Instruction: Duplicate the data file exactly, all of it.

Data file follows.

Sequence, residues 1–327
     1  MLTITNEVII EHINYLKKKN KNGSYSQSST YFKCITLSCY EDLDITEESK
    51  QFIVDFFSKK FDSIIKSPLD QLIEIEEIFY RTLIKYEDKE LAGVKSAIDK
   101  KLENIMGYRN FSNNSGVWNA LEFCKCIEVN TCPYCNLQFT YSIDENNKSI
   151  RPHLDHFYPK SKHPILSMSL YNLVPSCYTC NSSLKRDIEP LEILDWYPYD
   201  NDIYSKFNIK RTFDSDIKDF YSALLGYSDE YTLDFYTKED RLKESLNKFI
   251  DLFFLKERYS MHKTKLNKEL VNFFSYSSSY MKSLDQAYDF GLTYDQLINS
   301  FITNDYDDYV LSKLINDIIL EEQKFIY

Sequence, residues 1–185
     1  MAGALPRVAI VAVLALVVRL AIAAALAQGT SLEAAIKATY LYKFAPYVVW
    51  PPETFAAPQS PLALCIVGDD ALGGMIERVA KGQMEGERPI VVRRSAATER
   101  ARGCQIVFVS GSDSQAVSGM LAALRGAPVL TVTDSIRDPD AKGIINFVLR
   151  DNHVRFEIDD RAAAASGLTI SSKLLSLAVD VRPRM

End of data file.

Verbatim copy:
Sequence, residues 1–327
     1  MLTITNEVII EHINYLKKKN KNGSYSQSST YFKCITLSCY EDLDITEESK
    51  QFIVDFFSKK FDSIIKSPLD QLIEIEEIFY RTLIKYEDKE LAGVKSAIDK
   101  KLENIMGYRN FSNNSGVWNA LEFCKCIEVN TCPYCNLQFT YSIDENNKSI
   151  RPHLDHFYPK SKHPILSMSL YNLVPSCYTC NSSLKRDIEP LEILDWYPYD
   201  NDIYSKFNIK RTFDSDIKDF YSALLGYSDE YTLDFYTKED RLKESLNKFI
   251  DLFFLKERYS MHKTKLNKEL VNFFSYSSSY MKSLDQAYDF GLTYDQLINS
   301  FITNDYDDYV LSKLINDIIL EEQKFIY

Sequence, residues 1–185
     1  MAGALPRVAI VAVLALVVRL AIAAALAQGT SLEAAIKATY LYKFAPYVVW
    51  PPETFAAPQS PLALCIVGDD ALGGMIERVA KGQMEGERPI VVRRSAATER
   101  ARGCQIVFVS GSDSQAVSGM LAALRGAPVL TVTDSIRDPD AKGIINFVLR
   151  DNHVRFEIDD RAAAASGLTI SSKLLSLAVD VRPRM